Some limitations of the study should be thoroughly considered. The questionnaire was not formally validated for assessing AD or the other medical conditions considered. In fact, the study was originally designed in order to assess the frequency of various melanocytic naevi in Italian schoolchildren. However, it should be noted that only diagnoses supported by medical documentation were accepted and, at most, the study may have underestimated the true prevalence. Moreover, it is reassuring that, in a preliminary exercise, intra- and inter-observer reliability was quite satisfactory for all the items considered in the questionnaire. Even if examination by an experienced dermatologist was considered in our study design, this was restricted to naevus count and we did not collect information on the point-prevalence of AD based on dermatologist’s assessment.

The schoolchildren enrolled in the study are not a random sample of Italian schoolchildren aged 12–17 years. However, they were identified in schools located in northern, central and southern Italy, and the prevalence of some medical conditions considered in the analysis, e.g. asthma (20), is largely similar to the one reported in other epidemiological studies from Italy.

The reported point prevalence for Italian children aged 6–7 and 13–14 years in the ISAAC study was approximately 7% (14). In a study conducted in seven Italian cities on 1369 children aged 9 years, the self-reported lifetime prevalence of AD was 15%, and the estimated point prevalence was 5.8% (1).

For most of the cases in our study, a first diagnosis of AD was reported during the first year of life. Although recall bias cannot be excluded, these data indicate that AD is a condition with a very early age at diagnosis.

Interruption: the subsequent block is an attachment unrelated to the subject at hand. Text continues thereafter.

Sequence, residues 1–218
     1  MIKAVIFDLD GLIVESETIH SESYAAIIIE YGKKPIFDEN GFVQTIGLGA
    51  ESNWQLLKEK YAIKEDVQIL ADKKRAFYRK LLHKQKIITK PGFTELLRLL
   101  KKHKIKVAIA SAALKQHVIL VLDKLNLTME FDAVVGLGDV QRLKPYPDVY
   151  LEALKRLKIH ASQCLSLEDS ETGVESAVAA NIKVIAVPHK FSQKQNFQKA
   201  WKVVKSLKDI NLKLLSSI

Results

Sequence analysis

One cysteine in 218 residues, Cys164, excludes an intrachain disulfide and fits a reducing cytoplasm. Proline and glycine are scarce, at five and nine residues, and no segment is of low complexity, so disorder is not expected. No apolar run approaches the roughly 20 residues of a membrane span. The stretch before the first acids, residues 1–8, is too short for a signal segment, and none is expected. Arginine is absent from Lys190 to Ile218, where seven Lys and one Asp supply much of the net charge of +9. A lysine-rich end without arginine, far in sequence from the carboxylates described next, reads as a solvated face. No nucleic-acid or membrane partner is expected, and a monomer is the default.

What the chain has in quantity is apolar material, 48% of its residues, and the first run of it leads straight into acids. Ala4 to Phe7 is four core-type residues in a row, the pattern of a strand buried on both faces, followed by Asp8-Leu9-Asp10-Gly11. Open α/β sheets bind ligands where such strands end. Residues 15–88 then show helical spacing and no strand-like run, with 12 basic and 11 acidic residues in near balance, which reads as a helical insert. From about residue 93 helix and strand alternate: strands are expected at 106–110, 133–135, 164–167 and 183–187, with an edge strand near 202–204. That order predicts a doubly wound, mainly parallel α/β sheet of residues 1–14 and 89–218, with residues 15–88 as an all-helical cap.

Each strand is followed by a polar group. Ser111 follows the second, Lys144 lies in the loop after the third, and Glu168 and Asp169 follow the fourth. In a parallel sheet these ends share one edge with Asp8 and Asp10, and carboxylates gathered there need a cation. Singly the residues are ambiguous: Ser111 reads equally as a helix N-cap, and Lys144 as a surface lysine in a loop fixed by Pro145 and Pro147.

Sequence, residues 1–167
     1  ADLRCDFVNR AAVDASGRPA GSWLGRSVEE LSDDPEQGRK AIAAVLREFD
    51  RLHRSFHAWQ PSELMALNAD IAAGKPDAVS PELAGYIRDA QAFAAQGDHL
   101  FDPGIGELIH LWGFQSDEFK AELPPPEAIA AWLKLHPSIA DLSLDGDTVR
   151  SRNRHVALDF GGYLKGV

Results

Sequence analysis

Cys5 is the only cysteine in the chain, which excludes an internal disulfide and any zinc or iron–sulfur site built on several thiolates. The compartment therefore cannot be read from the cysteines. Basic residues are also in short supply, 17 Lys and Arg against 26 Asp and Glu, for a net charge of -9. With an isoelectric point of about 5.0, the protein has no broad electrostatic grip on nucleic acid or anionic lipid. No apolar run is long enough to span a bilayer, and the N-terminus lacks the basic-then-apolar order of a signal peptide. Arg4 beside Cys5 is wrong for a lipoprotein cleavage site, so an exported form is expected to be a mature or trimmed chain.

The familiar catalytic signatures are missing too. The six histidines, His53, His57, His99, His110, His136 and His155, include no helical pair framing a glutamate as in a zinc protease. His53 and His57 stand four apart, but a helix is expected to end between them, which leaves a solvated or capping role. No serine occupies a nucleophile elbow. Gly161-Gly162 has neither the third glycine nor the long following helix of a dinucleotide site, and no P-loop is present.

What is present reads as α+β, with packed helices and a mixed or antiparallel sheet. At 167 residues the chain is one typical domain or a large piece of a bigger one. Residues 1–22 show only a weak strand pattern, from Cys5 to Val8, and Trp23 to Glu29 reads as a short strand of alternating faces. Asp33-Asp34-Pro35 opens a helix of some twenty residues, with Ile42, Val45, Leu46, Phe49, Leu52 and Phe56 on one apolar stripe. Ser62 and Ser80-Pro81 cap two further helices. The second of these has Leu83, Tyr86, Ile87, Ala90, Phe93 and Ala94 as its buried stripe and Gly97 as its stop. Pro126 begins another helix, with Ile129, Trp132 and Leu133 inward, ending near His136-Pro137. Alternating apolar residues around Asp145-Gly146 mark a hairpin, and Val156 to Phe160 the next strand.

We observed a strong association between the frequency of AD and history of vitiligo and psoriasis. Recall bias cannot be completely ruled out, and the associations may also be a chance effect due to multiple statistical testing. However, it is interesting to note that the skin conditions considered recognize an immunological even if heterogeneous background (21).

Psoriasis is a chronic inflammatory skin disease that affects 2–4% of the general population (22, 23). In our study, 68 children had psoriasis (2.1%). The observation of an association between AD and psoriasis is at variance with previous observations that pointed to a negative association suggesting divergent pathways for the two conditions (24). Although AD is distinct from psoriasis, both diseases may share similar characteristics, including dry, scaly skin, and misdiagnosis is possible especially in young children. On the other hand, psoriasis and AD are inflammatory diseases associated with various immunological abnormalities. Genome-wide linkage scans have revealed overlap between psoriasis and AD susceptibility loci on chromosomes 1q21, 3q21, 17q25 and 20p12 (25). Even if the genes from these loci have not yet all been identified, these locations suggest that some susceptibility factors lie within genes or gene families with common effects upon epithelial immunity.

To the best of our knowledge, only case reports exist concerning the association of AD and vitiligo (26).

It is well known that children with AD are at higher risk of allergenic asthma (27). We confirmed this association, but no clear time–risk relationship emerged between the two conditions (data are, however, limited).

In conclusion, this large study gives estimates of the lifetime prevalence of a physician-confirmed diagnosis of AD in Italian schoolchildren. Furthermore, it emphasizes the association between the condition and other immunologically related skin diseases and asthma.


The authors thank Mrs Ivana Garimoldi for secretarial assistance.

GISED study centres: Maurizio Leardini, Marialisa Feliciangeli (Repubblica di S. Marino), Danilo Assalve, Luca Stingeni (Perugia, Clinica Universitaria), Ignazio Stanganelli, Serena Magi (Ravenna), Francesco Cusano, Giovanni Sarracco (Benevento), Grazia Manfredi, Laura Magrini, Anna Di Landro (Bergamo, Clinica Universitaria), Giovanni Lo Scocco, Vito Di Lernia (Reggio Emilia), Annalisa Barba, Giampaolo Tessari (Verona, Clinica Universitaria), Gianfranco Fenizi, Andrea Altobella (Foggia), Paolo Nardini, Vincenzo De Giorgi (Firenze, Clinica Universitaria), Enrico Pezzarossa (Cremona), Rossella Morelli, Antonella Frassetto (Cesena), Andreina Cellini, Oriana Simonetti, Annamaria Offidani (Ancona, Clinica Universitaria), Annarosa Virgili, Maria Rosaria Zampino, Giuliano Cainelli (Ferrara, Clinica Universitaria), Pietroandrea Villano, Anna Ausilia, Sonia Ferraiolo, Concetta Flaminio (Napoli, Clinica Universitaria), Raffaele Filotico, Maria Ester Lassandro (Bari, Clinica Universitaria)


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Volume 89, Issue 2

DOI: 10.2340/00015555-0591

Pages: 122-125